Wednesday, December 28, 2016

Yoga Asanas ... Doing it right at Om

by Vol-E
                     Image result for shilpa shetty
                                                   Shilpa Shetty

I started doing yoga asanas, or postures, back in July, and while it hasn't been an everyday practice, it's still made a huge difference for me this year.

The lady pictured above is Shilpa Shetty, known primarily as a Bollywood actress, but also deeply involved with yoga. It was her video on YouTube, Total Body 40-minute Workout, that helped me to actually maintain a good habit.

Most people think of "yoga" as the positions, sometimes along with breathing and meditation, but it is actually a complete life system with eight components that include right conduct and mindfulness. So out of respect, I'll specifically refer to asanas, since I haven't (so far) adopted most of the other parts of the path.

The following is entirely my own view of the practice, but I'm hoping this might be helpful to anyone who has shied away from it due to misconceptions.

1. Yoga asanas are nice to look at, but they are NOT designed to be a spectator sport. Having been working on this for nearly 6 months now, I am no closer to putting on a leotard and joining a class than I was back then. I cannot imagine how clunky and clumsy I look as I stretch and bend ... and I don't want to imagine it. How one looks makes absolutely no difference. It's about how you feel. And I ... feel ... mahvelous, as Billy Crystal often said back in the 1980s.

2. Asanas are also not a competitive practice. Our Western values are so tied up in how we stack up next to the next person. I'm especially aware of this because I apparently was born with some muscle issues that are very challenging in most athletic settings. I can't stretch or bend as well as other folks -- at the age of 5 I discovered that situps were not in my repertoire (and they're still not). But when I exclude the comparison factor from consideration, what the practice boils down to is...

I'm having a conversation with my body.

I stretch out a leg.  That leg, its mate, and my back have a comment to make. It's either "Ooh, thanks, I needed that--hey, me too!" or "Whoa, lady, what have you been doing? Want to rethink that?" First thing in the morning, there's nothing like 15-30 minutes of back, stomach, sitting and standing postures to wake up your joints, bones, skin, digestion, nerves and circulation. I can do roughly 35 postures -- not all the ones in the video, but most to a degree. The routine is designed to introduce you to each part of your body, one by one and learn to respect it.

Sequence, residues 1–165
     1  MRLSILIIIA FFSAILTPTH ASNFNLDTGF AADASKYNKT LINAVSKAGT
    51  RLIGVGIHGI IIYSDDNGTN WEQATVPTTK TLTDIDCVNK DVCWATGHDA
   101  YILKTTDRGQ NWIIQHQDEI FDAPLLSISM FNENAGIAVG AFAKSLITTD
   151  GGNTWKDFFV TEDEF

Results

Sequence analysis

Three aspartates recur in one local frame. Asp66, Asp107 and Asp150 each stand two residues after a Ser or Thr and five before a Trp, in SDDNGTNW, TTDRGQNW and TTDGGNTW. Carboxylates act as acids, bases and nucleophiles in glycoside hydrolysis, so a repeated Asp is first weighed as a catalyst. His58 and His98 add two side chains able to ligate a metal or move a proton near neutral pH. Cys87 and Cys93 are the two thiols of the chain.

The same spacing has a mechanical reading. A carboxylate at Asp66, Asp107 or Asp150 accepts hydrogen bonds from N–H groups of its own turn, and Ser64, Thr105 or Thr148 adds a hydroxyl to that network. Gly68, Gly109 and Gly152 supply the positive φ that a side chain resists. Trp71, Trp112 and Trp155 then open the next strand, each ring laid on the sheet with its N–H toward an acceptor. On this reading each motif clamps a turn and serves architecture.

To me, this conversation is just as intimate as what you might say to your partner on a quiet morning over coffee. Neither of you is quite awake, but you know each other's rhythms and have enough respect for each other to encourage them to wake up gradually and take a positive attitude toward the day. This is in total contrast to most "public" situations, where you know little or nothing about the people around you and have no real connection to them -- so why on earth would you care what they think of you and your postures, or whether you do them as well?

My co-worker said "I'm not flexible enough to do yoga." Do enough of it and you might become more flexible over time. I'm somewhat surprised at how far back I can bend. My mom was an acrobatic dancer in her youth. She could bend all the way back and touch the ground. Me? Never, but I can see the clock on the wall behind me, and that's an accomplishment. 

Some of the postures are fun and whimsical. My two felines like watching me do the Cat Pose, and they always seem impressed when my leg goes up and transforms me into the mighty Tiger. I picture someone I don't like when I assume the Warrior Pose -- don't mess with me!

You can cool it down with breathing exercises and a bit of chanting and meditation if you like. 

Do it for YOU. And if you ever wondered what "Namaste" really means, it's about honoring the unique spirit of everyone you meet. 

But you start with yourself.